To further encourage good nutrition:

  • Be sure to provide nutrient-dense meals and snacks. At lunch or dinner, offer a hearty chicken and vegetable soup instead of plain chicken broth. Casseroles and stews also pack a big nutritional punch in a single dish.
  • Add extra calories without adding volume. If your loved one has a small appetite, tasty sauces and gravies will add calories without being too filling. Use powdered skim milk to boost the nutritional value of milkshakes or hot cereals, and consider adding wheat germ to hot and cold cereals, as well as baked goods.
  • Use herbs and spices: Garlic and onion powder, salt-free seasoning blends, and fresh and dried herbs will add flavor to foods, especially if your loved one has a diminished sense of taste or smell.
  • Make meals colorful and appealing: Serve roasted sweet potatoes rather than plain baked spuds, or pasta with red sauce instead of buttered noodles.
  • Serve smaller meals and snacks: Many older people are overwhelmed by large meals. Focus on smaller, more frequent meals and snacks.
  • Make mealtimes enjoyable: Invite family and friends to share meals with you and your elderly loved one. If your loved one is able, encourage them to take advantage of senior centers or programs that offer community meals, parties, and other events.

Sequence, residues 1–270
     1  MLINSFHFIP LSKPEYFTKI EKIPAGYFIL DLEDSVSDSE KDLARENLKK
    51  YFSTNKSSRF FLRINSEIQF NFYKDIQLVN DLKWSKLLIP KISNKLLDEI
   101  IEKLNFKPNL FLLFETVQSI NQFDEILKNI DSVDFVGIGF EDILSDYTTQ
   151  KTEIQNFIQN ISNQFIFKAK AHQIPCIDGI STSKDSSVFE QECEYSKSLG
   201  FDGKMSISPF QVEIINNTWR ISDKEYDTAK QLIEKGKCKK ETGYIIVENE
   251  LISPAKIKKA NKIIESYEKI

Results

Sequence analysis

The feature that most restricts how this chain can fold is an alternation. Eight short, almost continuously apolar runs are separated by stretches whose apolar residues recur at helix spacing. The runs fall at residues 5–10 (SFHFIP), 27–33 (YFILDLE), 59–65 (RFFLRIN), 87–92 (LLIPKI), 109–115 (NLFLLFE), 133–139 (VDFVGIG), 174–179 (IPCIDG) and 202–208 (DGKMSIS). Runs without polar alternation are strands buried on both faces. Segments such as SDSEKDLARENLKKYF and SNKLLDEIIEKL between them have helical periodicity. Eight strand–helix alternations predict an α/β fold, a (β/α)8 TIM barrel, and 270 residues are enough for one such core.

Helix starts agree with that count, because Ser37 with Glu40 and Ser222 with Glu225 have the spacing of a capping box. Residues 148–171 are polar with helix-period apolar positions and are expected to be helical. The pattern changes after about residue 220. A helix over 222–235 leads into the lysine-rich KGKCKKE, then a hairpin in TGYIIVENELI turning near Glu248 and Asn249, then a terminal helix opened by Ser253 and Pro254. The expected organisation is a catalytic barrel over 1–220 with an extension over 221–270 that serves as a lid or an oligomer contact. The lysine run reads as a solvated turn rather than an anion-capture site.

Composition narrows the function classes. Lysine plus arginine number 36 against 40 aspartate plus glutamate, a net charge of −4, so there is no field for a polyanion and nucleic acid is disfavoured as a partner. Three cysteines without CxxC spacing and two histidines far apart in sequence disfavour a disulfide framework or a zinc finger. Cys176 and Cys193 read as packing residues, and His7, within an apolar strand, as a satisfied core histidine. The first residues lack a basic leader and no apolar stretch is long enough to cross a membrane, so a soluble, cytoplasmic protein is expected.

• Consider nutritional supplements: Some older people may find it easier to sip a drink than to eat a meal. But be sure to check with their doctor or dietitian before taking this step.
  • Take advantage of available services: Meals-on-Wheels and similar programs are shown to improve or help maintain nutritional status in seniors. Contact your local government, department of health or community hospital to find out what’s available in your area.

A Word About Caregiver Burnout

While caring for an elderly loved one is fulfilling, it can also be overwhelming. In fact, according to one recent study, 41% of family caregivers experience depression, mood swings, and resentment as a result of their responsibilities. Burnout occurs when caregivers don’t get the help they need or when they take on more than they can handle. It’s important to give yourself a break from time to time by engaging in favorite activities and hobbies, keeping up with friends and family, and looking after your own health.

To ease your burdens, don’t hesitate to ask family or friends for help. If that’s not an option, consider contacting your local senior citizen center or religious organization to learn what programs they might offer to support family caregivers.

FCP Live-In’s custom-designed respite care programs can also help you prevent burnout, either by providing in-home personal care assistance one or more days a week or for extended periods so you can finally take that much-needed vacation. To learn more about our options for live-in respite care, just give one of our care coordinators a call at 123-456-7890.